I have always enjoyed watching documentaries about the natural world on cable TV. The Discovery Channel is, I admit, one of my favorite channels. Today there is a wider variety of programming on cable television regarding animals and wildlife, shows like Animal Rescue, which showcases the efforts of the various big city ASPCA's to catch those guilty of animal cruelty, and another show that chronicles a type of animal cruelty of it's own: When Animals Attack. This television show is a compilation of footage of often violent and bizarre encounters between man and the various members of our planet's animal kingdom.
Though "When Animals Attack" was not inspired by the movie that is the topic of this blog, it no doubt could have been. The film I am referring to is Frogs, a horror movie released in 1972 by American International Pictures and produced by James H. Nicholson and Samuel Z. Arkoff.
The film's story: Jason Crockett(played by Ray Milland) is a surly and generally miserable millionaire who has gathered family and friends to his isolated island mansion for a party. Crockett displays a blatant disdain for many of his guests, including the non-human kind, much of his dislike for the local animallife manifest in the rampant pollution on the island. Despite grumbling from some of the early arrivals at his mansion, Jason Crockett is determined to have his party. The problem: the local animal life has decided to attend the party as well. The island becomes overrun with, of course, frogs, but also among the animals who have decided to join Crockett's gathering are aggressive rattlers and water moccasins, several alligators, a small army of lizards, birds, tarantulas, and even one very large and formidable-looking loggerhead turtle.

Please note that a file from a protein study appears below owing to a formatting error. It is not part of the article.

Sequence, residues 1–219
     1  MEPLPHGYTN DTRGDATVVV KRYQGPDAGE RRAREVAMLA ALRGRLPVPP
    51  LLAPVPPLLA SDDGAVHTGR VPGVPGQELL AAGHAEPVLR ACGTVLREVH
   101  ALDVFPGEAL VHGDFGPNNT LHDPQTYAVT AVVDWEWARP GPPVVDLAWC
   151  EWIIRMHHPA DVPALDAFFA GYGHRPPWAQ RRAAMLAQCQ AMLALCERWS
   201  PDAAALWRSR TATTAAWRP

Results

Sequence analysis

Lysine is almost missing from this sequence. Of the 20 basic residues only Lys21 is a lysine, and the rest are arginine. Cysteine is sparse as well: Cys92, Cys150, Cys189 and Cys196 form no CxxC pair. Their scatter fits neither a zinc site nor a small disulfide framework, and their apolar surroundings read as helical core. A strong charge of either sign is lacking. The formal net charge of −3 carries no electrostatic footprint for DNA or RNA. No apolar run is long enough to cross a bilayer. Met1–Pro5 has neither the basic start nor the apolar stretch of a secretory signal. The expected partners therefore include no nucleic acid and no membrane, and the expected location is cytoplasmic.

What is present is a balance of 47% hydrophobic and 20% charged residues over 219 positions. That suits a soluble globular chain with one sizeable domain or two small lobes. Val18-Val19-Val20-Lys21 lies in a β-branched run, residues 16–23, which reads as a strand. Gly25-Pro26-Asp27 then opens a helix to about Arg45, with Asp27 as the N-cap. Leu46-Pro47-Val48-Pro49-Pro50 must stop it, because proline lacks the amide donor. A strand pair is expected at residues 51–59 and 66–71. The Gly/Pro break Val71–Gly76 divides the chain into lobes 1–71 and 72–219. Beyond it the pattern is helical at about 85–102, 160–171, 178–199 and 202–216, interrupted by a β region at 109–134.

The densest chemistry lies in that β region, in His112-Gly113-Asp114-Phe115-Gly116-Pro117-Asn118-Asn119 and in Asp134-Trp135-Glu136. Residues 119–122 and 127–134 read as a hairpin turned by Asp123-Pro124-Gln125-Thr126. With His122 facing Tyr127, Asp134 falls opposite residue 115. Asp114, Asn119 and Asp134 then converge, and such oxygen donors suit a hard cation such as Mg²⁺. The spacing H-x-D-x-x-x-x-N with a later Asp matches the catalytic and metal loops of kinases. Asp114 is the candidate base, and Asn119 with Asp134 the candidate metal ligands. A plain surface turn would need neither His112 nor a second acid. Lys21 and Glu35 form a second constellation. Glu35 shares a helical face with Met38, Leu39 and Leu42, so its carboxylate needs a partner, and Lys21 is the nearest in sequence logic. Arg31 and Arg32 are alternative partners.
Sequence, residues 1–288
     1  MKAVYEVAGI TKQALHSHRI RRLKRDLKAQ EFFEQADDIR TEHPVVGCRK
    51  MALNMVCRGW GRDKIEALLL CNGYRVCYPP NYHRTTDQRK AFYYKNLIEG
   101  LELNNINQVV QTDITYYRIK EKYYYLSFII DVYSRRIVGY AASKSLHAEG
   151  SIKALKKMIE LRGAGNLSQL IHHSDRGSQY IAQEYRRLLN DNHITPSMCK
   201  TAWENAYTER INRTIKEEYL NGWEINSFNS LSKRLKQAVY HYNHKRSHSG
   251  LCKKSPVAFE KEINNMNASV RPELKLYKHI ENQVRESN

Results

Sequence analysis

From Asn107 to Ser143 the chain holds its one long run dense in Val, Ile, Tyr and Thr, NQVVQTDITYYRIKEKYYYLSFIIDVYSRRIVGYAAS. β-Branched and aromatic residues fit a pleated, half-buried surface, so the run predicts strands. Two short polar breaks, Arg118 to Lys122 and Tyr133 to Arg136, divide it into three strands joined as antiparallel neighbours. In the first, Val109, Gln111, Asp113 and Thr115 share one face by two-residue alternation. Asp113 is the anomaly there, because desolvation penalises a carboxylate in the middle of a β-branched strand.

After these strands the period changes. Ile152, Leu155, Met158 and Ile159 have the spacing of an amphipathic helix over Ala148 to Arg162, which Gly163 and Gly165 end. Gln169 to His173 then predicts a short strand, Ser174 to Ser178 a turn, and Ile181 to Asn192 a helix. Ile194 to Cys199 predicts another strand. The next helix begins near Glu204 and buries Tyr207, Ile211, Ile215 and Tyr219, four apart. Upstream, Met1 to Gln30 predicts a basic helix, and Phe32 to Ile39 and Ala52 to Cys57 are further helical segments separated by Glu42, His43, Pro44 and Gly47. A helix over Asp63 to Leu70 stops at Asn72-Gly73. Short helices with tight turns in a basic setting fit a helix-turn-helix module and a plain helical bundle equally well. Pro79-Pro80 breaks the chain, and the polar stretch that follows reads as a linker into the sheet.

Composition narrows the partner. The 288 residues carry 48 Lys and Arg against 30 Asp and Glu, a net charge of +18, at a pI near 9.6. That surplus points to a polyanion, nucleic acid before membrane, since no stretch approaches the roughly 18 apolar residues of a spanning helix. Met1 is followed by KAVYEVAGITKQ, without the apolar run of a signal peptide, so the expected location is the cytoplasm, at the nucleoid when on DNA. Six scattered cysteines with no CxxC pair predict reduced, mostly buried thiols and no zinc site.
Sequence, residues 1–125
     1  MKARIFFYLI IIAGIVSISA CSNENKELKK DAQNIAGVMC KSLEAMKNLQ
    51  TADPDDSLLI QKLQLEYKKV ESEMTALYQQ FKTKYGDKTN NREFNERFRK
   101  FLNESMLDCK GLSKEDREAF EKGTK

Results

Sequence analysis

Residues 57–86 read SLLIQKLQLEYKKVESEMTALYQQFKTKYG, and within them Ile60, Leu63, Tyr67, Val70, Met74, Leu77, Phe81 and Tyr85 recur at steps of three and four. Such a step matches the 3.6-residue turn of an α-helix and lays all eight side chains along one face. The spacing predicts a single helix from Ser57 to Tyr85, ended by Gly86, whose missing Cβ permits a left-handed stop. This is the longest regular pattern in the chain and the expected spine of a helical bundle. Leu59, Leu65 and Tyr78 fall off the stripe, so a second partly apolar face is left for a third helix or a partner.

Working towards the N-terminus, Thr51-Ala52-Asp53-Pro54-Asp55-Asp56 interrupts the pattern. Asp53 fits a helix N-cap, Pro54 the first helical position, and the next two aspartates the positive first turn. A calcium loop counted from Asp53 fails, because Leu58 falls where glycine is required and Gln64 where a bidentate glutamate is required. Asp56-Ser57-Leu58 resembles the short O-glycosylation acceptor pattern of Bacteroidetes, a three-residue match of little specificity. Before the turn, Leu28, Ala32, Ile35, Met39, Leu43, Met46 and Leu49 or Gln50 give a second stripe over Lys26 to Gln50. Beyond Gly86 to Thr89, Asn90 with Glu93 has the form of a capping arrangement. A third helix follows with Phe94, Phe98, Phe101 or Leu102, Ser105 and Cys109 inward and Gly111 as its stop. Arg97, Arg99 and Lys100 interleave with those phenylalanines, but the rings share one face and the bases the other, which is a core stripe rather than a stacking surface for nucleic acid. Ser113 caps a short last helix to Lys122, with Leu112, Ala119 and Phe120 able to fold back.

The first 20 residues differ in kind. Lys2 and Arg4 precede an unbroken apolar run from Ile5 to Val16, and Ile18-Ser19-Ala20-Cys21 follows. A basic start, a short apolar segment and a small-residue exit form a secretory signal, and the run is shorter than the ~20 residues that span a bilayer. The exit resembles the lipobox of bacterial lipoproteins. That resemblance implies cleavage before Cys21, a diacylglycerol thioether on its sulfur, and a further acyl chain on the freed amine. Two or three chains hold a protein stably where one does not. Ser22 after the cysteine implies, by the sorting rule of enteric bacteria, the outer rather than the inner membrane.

One by one the guests begin having very unpleasant encounters with these critters, including old man Crockett himself (no spoilers).
Observations: This film is a an early, somewhat simplified effort to show the "nature run amok" movie motif. Does it work? I think so, even if not on a grand scale. The attacks of the various critters in this movie are often exacerbated by the stupidity of the victims, their own actions(or inactions) contributing to their demise. The "tarantula" scene was creepy, and would definitely give arachnophobes goosebumps. The acting is serviceable: Sam Elliott is decent enough as the photographer Pickett Smith, and Joan Van Ark looks great! Ray Milland's portrayal of the sullen, self aggrandizing and perpetually cranky "Jason Crockett" is the best of the group.
The DVD of this movie is presented in either full frame or widescreen(1.85:1) options, and includes scene selection and a theatrical trailer. Fans of campy horror will like this one, which I recommend. If you are a casual horror movie fan and have a Netflix queue to burn use it on this older classic. I think you'll be glad you did.
Click the title of this blog to see the MGM Region 1 DVD of this movie for sale at DeepDiscount.com or copy and paste this URL into your address bar: http://www.deepdiscount.com/viewproduct.htm?productId=5753629
The theatrical trailer for Frogs(1972):